Other countries around the world had made similar moves, but Vanuatu’s Government said it was going further than even its Pacific neighbours and aimed eventually to become plastic-free.
Around 2,000 people signed a petition last year supporting legislation to ban single use plastic bags in Vanuatu, and the Prime Minister first announced plans for a ban mid last year.
Toney Tevi, the head of Maritime and Ocean Affairs within Vanuatu’s Foreign Ministry, said the ban would be part of a wider ocean policy.
“We all agreed after national consultation that Vanuatu’s ocean has to be clean for generations to come [and]to keep the ocean clean of plastic was one of the major concerns,” Mr Tevi said.
Christina Shaw, the CEO and founder of the Vanuatu Environmental Science Society, said the ‘rubbish census’ she had been overseeing as part of a clean-up in Port Vila over the past three years showed how much rubbish had accumulated in Vanuatu’s capital.
“Until you get into the drains and count it, I think everyone can see there’s a little bit here, but don’t realise how much until you count it and say ‘look these are the thousands of plastic bags that we picked up over this week’,” she said.
More than 1,000 takeaway containers were collected by Ms Shaw and her clean-up volunteers in Port Vila last year, 641 of which were the polystyrene foam ones which are also going to be banned by the Government. You can also see this here to know of what all equipments they needed to weed out the plastic from the waters.
“[I’m] happy that polystyrene is included as they are a problem in Port Vila,” she said.
The Minister in Charge of Foreign Affairs, Ralph Regenvanu, said the Government would focus on getting rid of other plastic products, too.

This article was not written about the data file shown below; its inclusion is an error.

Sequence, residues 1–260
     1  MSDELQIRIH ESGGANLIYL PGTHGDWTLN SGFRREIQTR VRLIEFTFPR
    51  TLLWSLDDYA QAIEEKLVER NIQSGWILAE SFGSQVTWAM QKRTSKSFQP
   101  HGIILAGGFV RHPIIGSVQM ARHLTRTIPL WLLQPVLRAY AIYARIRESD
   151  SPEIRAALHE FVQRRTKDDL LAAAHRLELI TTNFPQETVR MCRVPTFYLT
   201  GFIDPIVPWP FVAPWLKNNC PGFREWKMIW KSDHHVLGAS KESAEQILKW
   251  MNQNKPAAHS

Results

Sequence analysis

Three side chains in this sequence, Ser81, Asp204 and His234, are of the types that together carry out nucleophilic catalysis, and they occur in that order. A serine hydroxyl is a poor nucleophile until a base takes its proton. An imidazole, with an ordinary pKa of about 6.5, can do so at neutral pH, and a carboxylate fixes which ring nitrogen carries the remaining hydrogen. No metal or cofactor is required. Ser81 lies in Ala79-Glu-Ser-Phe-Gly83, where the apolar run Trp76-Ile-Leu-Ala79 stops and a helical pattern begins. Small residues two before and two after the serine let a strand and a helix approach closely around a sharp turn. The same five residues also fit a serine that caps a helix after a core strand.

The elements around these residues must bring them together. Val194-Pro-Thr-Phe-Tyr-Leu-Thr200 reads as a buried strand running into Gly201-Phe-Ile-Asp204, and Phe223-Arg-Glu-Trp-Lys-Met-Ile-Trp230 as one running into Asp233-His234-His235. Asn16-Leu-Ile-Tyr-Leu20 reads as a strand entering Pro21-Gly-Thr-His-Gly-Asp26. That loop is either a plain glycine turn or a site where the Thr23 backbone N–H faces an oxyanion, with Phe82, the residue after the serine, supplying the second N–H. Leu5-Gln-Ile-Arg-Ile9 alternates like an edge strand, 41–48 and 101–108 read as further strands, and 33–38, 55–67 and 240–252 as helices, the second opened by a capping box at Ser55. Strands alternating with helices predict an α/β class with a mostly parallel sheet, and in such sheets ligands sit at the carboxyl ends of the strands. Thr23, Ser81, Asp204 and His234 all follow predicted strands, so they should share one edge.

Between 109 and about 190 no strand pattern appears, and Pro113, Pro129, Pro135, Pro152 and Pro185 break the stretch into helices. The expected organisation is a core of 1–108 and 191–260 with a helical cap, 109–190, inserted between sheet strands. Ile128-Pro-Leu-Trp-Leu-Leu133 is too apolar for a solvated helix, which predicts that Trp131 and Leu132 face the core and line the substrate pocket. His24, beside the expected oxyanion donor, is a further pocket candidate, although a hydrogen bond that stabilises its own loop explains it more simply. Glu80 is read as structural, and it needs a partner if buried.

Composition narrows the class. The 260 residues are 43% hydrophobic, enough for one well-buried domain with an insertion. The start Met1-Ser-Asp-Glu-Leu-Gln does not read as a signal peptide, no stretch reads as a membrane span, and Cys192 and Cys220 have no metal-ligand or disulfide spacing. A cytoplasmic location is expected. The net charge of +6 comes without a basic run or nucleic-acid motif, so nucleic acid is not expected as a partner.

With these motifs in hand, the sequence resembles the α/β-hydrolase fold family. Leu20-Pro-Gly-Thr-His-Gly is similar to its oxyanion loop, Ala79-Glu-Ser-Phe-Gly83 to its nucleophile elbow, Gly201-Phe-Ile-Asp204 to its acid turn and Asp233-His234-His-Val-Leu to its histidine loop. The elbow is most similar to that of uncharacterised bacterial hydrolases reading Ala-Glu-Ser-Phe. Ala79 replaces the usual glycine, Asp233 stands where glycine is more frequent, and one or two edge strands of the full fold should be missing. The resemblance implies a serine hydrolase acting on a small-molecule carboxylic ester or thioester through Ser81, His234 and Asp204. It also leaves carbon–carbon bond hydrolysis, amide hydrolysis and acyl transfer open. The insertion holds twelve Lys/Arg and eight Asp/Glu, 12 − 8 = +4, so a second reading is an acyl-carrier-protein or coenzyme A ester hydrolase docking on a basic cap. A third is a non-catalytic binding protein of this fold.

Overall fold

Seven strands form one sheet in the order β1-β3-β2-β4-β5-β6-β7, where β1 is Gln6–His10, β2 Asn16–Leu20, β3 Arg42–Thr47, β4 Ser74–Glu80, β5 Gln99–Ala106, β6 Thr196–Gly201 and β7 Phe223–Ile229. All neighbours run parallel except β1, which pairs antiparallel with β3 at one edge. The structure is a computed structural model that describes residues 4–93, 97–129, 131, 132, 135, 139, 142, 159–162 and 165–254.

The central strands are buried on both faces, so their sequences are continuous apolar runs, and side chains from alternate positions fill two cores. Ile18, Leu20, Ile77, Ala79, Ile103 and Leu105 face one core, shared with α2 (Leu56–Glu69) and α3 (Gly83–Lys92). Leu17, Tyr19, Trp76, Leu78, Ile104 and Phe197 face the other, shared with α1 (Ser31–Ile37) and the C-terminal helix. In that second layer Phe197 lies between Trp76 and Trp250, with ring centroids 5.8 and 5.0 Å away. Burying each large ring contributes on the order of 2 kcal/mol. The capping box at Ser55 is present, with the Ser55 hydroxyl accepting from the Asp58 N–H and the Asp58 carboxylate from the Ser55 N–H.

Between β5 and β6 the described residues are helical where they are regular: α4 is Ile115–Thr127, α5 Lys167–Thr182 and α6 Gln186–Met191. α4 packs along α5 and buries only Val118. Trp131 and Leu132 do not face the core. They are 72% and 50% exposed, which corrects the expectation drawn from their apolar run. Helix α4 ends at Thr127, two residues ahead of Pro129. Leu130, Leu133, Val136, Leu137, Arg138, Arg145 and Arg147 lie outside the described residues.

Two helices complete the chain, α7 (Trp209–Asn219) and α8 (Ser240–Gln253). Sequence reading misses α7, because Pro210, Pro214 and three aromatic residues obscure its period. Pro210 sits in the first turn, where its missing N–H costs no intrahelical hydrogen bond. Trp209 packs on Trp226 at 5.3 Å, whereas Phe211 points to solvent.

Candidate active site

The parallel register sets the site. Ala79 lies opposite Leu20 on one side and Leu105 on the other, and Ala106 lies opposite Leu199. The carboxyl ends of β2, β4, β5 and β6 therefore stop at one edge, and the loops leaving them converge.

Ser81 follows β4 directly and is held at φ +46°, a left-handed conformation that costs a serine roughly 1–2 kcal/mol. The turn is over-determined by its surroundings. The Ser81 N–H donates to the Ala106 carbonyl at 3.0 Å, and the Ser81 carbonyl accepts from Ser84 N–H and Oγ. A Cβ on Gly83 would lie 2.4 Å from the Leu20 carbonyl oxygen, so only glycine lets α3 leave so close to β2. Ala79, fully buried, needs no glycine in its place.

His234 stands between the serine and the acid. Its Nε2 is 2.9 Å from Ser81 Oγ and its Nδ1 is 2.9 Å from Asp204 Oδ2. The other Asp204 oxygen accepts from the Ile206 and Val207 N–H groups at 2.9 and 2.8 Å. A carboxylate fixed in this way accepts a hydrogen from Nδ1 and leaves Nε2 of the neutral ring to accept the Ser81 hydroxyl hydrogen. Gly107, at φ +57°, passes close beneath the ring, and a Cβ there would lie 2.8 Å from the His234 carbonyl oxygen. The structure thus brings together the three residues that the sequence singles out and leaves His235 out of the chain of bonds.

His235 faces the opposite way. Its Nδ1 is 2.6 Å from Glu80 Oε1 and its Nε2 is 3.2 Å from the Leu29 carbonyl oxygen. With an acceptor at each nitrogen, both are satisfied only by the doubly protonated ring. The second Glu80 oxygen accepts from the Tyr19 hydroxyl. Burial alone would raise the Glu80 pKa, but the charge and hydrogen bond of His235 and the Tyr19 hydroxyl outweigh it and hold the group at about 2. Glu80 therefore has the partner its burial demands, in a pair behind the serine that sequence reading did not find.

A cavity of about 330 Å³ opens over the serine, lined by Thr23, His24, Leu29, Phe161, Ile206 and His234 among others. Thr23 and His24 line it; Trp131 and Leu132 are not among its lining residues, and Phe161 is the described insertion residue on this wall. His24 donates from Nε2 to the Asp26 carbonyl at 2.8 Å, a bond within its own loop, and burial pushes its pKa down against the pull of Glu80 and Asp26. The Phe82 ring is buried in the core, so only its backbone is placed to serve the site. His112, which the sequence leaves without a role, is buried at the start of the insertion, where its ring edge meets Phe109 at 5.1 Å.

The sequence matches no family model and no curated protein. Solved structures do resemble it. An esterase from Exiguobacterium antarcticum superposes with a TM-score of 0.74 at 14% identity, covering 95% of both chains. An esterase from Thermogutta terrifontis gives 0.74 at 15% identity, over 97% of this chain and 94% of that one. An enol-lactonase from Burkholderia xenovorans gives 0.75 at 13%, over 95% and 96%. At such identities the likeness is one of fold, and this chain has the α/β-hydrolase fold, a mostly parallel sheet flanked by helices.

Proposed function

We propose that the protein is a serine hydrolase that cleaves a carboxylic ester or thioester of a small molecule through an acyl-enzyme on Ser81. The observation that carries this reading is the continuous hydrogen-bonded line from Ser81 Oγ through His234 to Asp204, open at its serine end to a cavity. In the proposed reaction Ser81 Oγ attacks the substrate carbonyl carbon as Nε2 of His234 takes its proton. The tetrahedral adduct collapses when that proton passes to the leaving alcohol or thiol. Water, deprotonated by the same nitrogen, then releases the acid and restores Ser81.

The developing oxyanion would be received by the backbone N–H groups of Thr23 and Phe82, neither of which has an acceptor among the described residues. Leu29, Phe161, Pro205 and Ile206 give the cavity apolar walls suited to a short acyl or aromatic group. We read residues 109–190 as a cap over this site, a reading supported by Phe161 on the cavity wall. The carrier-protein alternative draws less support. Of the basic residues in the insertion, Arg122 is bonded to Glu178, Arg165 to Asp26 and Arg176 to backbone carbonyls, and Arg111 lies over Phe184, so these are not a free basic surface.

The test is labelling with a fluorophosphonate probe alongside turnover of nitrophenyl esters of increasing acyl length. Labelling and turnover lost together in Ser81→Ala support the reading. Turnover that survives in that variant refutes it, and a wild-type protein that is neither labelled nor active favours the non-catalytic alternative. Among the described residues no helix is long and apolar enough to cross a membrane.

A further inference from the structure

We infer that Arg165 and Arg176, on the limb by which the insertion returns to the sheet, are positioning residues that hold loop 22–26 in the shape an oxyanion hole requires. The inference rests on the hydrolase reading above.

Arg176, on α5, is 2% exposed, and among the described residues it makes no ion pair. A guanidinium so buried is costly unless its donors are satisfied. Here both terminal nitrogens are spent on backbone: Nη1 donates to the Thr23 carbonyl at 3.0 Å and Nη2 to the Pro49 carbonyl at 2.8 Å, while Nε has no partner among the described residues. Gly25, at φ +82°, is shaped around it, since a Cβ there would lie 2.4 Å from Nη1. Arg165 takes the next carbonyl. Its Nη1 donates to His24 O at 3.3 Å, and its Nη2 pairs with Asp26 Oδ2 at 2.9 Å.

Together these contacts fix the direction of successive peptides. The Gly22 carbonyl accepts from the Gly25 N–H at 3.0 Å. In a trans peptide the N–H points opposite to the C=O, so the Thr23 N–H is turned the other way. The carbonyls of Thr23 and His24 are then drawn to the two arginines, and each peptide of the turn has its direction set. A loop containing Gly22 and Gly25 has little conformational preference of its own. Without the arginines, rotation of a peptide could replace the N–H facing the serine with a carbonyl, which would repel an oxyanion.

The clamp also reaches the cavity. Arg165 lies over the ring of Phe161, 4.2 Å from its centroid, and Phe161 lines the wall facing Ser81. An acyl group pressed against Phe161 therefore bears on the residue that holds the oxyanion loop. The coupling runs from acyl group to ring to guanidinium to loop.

“We’re also looking to ban all plastic knives, forks, straws, those kinds of things,” Mr Regenvanu said.
“We are working with the private sector to make as sure as possible we don’t adversely affect companies who are manufacturing plastic products in Vanuatu.
Mr Regenvanu said another move would be to look at new ways to dispose of plastic bottles, for example, requiring suppliers to buy them back after use.
His ministry acknowledged it could be a sensitive move.
“We have to deal with bottles in such a way that everyone is happy about it, that we’re doing as much as we can, not turning a blind eye on plastic bottles and trying to do it accordingly in ways that everyone will be happy about,” Mr Tevi said.
Ms Shaw agreed dealing with items like plastic bottles would be a lot harder than the move simply to ban plastic bags.
“A lot of things come in plastic bottles and as net importer, it’s hard to completely ban plastic bottles of all descriptions—water bottles, shampoo bottles etc,” she said.
“Some plastic bottles are recyclable but currently the cost of shipping them out to somewhere that will buy them is too expensive.
“Trying to make recycling more viable would be a good option, but also reducing the amount [of plastic]and some incentive to import or manufacture using glass instead of plastic would probably be better for the marine environment.”